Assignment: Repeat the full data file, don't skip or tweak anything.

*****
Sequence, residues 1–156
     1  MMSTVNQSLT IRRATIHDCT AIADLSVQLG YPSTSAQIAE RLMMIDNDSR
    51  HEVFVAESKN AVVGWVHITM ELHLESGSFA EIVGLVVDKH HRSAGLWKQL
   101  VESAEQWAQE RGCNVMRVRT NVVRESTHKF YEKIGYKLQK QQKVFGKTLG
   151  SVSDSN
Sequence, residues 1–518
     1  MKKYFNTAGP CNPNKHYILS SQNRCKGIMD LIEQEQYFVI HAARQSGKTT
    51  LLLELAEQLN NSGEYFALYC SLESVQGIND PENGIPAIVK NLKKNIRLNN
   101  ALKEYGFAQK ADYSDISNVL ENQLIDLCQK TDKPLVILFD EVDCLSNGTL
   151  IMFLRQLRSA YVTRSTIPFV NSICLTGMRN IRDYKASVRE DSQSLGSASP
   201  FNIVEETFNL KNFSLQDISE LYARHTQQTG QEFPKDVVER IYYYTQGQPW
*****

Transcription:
Sequence, residues 1–156
     1  MMSTVNQSLT IRRATIHDCT AIADLSVQLG YPSTSAQIAE RLMMIDNDSR
    51  HEVFVAESKN AVVGWVHITM ELHLESGSFA EIVGLVVDKH HRSAGLWKQL
   101  VESAEQWAQE RGCNVMRVRT NVVRESTHKF YEKIGYKLQK QQKVFGKTLG
   151  SVSDSN
Sequence, residues 1–518
     1  MKKYFNTAGP CNPNKHYILS SQNRCKGIMD LIEQEQYFVI HAARQSGKTT
    51  LLLELAEQLN NSGEYFALYC SLESVQGIND PENGIPAIVK NLKKNIRLNN
   101  ALKEYGFAQK ADYSDISNVL ENQLIDLCQK TDKPLVILFD EVDCLSNGTL
   151  IMFLRQLRSA YVTRSTIPFV NSICLTGMRN IRDYKASVRE DSQSLGSASP
   201  FNIVEETFNL KNFSLQDISE LYARHTQQTG QEFPKDVVER IYYYTQGQPW